Treasury Yield Flirts With 3%, But It’s No Commitment
(Bloomberg Opinion) -- The yield on 10-year U.S. Treasuries is once again flirting with 3 percent. It already failed once this year to sustainably break through that level. Don’t expect this time to be different.
It last reached that threshold on June 13 after breaking through in late April for the first time since January 2014. This latest bout of selling appears to be driven by jitters over the Bank of Japan’s policy decision on Tuesday. The speculation is that the BOJ could permit yields to fluctuate more around its zero percent target, explaining why the 10-year Japanese yield is 0.1 percent — a nearly 18-month high. Speculators in the $15 trillion Treasury market are certainly pouncing on this trend, with their net short position in 10-year note futures increasing to a record in the week through July 24.
A look across the global bond markets, however, reveals few pillars for bond bears to count on to make this crack at 3 percent more permanent.
For starters, speculators’ positioning is often viewed as a contrarian indicator — meaning when they’re all expecting yields to move higher, rates fall instead. Part of that is because when the market bumps up against levels labeled as important — either psychologically or based on technical analysis — those types of traders use the opportunity to take profits and close their bets.
Indeed, those speculators set a record short in 10-year futures as of April 24, the same day the yield first breached 3 percent. It wound up closing above that level only once in the ensuing two weeks, causing some to reduce their short wagers. The group looks potentially even more offside today.
On a more fundamental level, one lesson from watching Treasuries this year is that synchronized central bank tightening is needed to push U.S. yields higher. That explains why the lead-in to the BOJ’s decision is causing so much angst.
But traders already know that the European Central Bank is committed to keeping interest rates low for at least another year. And because of that, even amid the latest sell-off, 10-year German yields are still well below where they were at the end of April, when 10-year Treasuries breached 3 percent. That means the U.S.-Germany yield spread remains skewed in favor of Treasuries. U.K. gilts, which led Monday’s bond-market decline, are also yielding less than they were three months ago.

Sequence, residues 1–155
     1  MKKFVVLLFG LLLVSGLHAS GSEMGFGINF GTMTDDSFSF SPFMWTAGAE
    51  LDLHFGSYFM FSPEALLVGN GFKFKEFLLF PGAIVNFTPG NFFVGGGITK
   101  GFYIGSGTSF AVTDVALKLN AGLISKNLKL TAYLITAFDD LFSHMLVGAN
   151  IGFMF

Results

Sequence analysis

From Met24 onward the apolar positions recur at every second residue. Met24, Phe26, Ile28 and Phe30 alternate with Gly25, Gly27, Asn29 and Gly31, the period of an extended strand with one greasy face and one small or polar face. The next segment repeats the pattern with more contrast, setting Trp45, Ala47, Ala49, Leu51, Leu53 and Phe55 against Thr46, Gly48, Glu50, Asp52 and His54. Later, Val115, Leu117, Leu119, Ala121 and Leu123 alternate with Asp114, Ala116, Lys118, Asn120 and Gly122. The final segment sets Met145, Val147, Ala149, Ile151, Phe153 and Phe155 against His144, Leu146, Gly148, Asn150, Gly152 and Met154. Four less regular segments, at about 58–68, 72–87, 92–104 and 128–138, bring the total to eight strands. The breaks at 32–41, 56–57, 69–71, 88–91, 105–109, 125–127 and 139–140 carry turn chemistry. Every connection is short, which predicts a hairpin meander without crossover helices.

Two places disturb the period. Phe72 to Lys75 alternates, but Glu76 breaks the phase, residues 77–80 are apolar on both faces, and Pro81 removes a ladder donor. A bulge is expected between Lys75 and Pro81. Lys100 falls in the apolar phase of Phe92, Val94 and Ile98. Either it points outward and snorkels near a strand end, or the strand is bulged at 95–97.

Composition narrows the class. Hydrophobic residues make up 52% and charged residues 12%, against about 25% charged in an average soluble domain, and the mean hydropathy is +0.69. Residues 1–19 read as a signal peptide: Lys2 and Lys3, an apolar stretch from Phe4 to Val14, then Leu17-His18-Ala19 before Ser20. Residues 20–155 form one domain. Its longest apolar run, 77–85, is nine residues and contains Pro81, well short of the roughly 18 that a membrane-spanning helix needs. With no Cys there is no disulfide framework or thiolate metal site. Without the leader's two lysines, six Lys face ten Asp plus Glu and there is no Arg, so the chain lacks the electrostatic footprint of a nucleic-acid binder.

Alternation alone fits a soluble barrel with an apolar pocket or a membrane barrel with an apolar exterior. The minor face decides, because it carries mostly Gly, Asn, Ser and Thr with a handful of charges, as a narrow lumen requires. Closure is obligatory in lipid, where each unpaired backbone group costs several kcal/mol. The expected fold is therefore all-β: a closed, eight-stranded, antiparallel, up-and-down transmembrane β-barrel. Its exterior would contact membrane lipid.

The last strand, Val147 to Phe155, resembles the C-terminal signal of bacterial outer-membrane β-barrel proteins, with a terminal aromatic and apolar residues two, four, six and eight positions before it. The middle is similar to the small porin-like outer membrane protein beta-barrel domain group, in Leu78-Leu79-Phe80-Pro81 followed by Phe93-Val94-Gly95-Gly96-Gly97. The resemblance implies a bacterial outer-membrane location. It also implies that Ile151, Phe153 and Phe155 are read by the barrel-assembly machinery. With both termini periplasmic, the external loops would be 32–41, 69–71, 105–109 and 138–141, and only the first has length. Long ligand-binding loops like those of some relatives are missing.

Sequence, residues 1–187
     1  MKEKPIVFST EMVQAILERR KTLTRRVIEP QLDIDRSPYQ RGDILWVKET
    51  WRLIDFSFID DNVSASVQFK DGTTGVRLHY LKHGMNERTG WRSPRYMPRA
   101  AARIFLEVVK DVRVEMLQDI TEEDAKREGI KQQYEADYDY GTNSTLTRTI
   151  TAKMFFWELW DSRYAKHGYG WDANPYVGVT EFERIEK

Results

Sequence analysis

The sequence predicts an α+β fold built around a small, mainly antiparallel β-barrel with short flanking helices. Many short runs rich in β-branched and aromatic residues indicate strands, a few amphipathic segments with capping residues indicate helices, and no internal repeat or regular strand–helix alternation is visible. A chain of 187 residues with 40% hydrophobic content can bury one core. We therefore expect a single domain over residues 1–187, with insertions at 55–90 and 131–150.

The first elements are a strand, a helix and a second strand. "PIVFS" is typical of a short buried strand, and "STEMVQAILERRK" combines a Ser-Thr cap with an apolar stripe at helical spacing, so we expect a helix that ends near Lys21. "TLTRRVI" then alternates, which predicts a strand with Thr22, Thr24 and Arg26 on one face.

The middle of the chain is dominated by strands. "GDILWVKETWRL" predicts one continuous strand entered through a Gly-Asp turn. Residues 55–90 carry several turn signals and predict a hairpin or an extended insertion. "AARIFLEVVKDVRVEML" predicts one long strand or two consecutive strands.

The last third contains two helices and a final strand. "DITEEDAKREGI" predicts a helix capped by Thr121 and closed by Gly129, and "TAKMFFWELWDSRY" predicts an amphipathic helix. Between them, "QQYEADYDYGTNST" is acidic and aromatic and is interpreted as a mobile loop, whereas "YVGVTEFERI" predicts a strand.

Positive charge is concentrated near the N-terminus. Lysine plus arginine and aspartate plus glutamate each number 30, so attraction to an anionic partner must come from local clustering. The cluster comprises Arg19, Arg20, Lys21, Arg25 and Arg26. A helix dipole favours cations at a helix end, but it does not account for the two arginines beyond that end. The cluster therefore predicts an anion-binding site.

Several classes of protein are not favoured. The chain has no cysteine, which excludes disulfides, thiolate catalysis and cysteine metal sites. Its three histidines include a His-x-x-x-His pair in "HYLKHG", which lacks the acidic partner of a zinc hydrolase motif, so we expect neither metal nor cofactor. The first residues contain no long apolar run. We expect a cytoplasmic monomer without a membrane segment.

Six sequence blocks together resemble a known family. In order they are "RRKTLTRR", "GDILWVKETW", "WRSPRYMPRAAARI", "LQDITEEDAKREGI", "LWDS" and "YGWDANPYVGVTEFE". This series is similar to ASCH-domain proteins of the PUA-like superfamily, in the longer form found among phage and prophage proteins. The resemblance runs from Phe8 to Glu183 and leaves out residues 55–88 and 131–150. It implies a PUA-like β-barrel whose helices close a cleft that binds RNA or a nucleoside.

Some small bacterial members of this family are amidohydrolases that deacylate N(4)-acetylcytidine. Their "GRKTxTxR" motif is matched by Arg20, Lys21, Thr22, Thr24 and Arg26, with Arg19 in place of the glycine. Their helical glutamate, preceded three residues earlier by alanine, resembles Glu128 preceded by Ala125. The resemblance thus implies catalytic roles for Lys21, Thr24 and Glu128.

Even on a currency-hedged basis, the Treasury market looks about the same as it did a few months ago. For Japanese investors, 10-year Treasuries still yield about 35 basis points more, the most in nearly two months. U.S. yields are close to the highest since May for Europeans.
In theory, events this week could all align to batter Treasuries. The BOJ could follow through on letting long-term yields grind higher, which JPMorgan Chase & Co. says will lead Japanese investors to sell foreign bonds and bring money back locally. The Treasury Department’s release of its latest borrowing plans may pressure interest rates higher. Another strong jobs report might convince traders that the Federal Reserve can go ahead with even more rate increases.
But the U.S. last week reported its strongest quarterly gross domestic product in four years, and Treasuries rallied. That’s because a lot of good economic news is baked into the current levels of both the equity and bond markets. In fact, expectations in the U.S. are so high that the actual data is disappointing investors by the most in 10 months, as measured by Citigroup’s economic surprise index.
All the while, U.S. equities are on pace for their third consecutive day of declines, the longest losing streak in six weeks. Some investors, including Scott Minerd at Guggenheim Partners, have said to watch for a “tug of war” between markets this year, keeping the Treasuries sell-off in check. From that perspective, it’s no coincidence that 10-year yields fell from 2.99 percent just after the U.S. stock markets opened.
The 10-year Treasury note will no doubt breach the 3 percent threshold again. Just don’t expect this latest push to be the one that ushers in a proper bond bear market.
This column does not necessarily reflect the opinion of the editorial board or Bloomberg LP and its owners.
Brian Chappatta is a Bloomberg Opinion columnist covering debt markets. He previously covered bonds for Bloomberg News. He is also a CFA charterholder.
©2018 Bloomberg L.P.